Updated: October 14, 2022 10:19 AM EDT | Originally published: October 13, 2022 10:25 PM EDT

It was a dare. When the House Jan. 6 Committee voted on Thursday to compel Donald Trump’s testimony about his role in the failed attempt to overthrow the 2020 election result, culminating in a mob storming the Capitol, they appealed to his love of the limelight and his instinct to avoid not looking weak. Would the temptation to come back to the center ring of the circus be too much for the showman to turn down?

But Trump has an opposing, well-documented impulse when confronted with legal challenges, and that is to distract and delay as long as he can. If the Democrats lose control of the House in next month’s elections, as many predict they will, the Jan. 6 committee will be shut down by January. That’s a short clock Trump may be tempted to run out with stall tactics and court appeals, as he has many times before.

“Why didn’t the Unselect Committee ask me to testify months ago,” Trump wrote on his social media platform after the unanimous vote on Thursday. “Why did they wait until the very end, the final moments of their last meeting? Because the Committee is a total ‘BUST.’” On Friday, he replied to the committee with a 14-page-long list loaded with false claims, but did not say if he intended to comply with the committee’s subpoena.

In its ninth hearing, the committee presented evidence that even before the election, outside advisors close to Trump knew he planned to declare victory no matter the outcome; then, as the results came in, Trump’s own campaign officials told him he had lost, and Trump acknowledged to close aides he knew it. But, the committee found, Trump continued to publicly trumpet false claims of election fraud, using the authority of the White House as a backdrop, even after being told by the Department of Justice and campaign officials that allegation after allegation fell apart under scrutiny.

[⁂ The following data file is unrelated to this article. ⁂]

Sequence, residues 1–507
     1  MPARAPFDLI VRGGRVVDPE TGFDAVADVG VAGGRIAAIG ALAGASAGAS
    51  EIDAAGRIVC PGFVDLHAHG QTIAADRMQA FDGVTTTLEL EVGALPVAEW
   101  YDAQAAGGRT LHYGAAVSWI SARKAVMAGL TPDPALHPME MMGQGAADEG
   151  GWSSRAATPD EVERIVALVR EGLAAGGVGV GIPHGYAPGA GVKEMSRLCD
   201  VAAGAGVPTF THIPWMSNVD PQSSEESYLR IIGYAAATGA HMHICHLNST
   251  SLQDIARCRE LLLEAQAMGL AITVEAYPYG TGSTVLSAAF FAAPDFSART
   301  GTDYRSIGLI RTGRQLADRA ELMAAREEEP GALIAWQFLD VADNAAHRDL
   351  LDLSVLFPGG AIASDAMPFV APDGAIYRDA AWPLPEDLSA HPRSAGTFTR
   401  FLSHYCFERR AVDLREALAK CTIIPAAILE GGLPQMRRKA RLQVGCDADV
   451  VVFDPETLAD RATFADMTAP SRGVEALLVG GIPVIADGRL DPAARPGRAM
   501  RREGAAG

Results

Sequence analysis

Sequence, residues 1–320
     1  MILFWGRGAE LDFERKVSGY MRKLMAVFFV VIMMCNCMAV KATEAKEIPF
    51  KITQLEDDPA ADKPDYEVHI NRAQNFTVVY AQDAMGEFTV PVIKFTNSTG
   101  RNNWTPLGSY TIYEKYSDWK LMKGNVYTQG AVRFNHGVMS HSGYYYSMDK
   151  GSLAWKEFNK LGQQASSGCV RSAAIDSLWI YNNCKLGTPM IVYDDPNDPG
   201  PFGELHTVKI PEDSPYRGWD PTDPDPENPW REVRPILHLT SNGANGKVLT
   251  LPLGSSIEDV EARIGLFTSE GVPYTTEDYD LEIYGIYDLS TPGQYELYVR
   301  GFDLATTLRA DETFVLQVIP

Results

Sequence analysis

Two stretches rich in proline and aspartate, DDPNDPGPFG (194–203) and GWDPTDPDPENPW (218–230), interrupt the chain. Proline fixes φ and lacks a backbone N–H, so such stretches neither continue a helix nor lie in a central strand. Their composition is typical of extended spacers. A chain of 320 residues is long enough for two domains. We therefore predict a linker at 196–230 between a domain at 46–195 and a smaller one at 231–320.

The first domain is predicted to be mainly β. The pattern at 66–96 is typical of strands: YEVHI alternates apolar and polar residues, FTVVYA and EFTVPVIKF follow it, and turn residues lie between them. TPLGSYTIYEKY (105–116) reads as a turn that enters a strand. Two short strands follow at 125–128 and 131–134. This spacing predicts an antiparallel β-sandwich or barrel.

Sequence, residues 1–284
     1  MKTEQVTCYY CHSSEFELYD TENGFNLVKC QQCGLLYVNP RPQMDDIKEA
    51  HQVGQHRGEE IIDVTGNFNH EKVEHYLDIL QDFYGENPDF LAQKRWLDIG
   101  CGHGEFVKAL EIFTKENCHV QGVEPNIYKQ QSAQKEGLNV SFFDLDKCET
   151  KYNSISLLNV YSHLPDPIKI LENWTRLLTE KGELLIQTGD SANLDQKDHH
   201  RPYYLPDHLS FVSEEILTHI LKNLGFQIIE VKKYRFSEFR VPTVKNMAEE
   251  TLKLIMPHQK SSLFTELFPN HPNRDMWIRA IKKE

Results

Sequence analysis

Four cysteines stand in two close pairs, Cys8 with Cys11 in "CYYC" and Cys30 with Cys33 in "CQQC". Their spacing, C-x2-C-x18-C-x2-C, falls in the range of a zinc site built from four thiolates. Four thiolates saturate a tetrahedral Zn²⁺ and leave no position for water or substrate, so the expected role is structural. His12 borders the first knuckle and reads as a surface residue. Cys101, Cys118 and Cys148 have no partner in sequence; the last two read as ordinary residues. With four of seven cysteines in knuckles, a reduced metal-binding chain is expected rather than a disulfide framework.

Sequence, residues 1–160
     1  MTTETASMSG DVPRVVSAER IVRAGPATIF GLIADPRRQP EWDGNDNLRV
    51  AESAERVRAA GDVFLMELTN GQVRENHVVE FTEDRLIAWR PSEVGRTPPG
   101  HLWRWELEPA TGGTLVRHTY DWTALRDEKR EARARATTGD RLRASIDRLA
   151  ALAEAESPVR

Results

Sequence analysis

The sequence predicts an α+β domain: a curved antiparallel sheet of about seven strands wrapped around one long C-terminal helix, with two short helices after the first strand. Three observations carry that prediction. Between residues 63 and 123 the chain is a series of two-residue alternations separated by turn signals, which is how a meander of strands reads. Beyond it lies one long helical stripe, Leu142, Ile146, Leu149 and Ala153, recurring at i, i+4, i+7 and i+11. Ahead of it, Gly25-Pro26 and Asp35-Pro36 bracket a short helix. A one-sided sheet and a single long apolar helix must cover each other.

After putting together a case that Trump knowingly fed the public lies about election fraud and then encouraged his supporters to march on the Capitol building to overturn the results, Rep. Liz Cheney, Republican from Wyoming, said that the committee wanted to hear from the former President himself.

“We are obligated to seek answers directly from the man who set this all in motion,” Cheney said, when she introduced the motion to subpoena Trump.

Rep. Bennie Thompson, Democrat from Mississippi and the committee’s chair, said that Trump “is the one person at the center of the story of what happened on Jan. 6. So we want to hear from him.”

The center of the story is exactly where Trump likes to be.

“All of this, he probably thinks, plays to his benefit–keeps him in the news,” says Barbara Perry, a professor at the University of Virginia’s Miller Center and an expert on the presidency.

She predicts Trump won’t take the committee’s bait.

“Presumably he will fight this until I guess he goes all the way to the Supreme Court,” Perry says “Can Congress subpoena a former president? Or he’ll try to use executive privilege as a dodge.”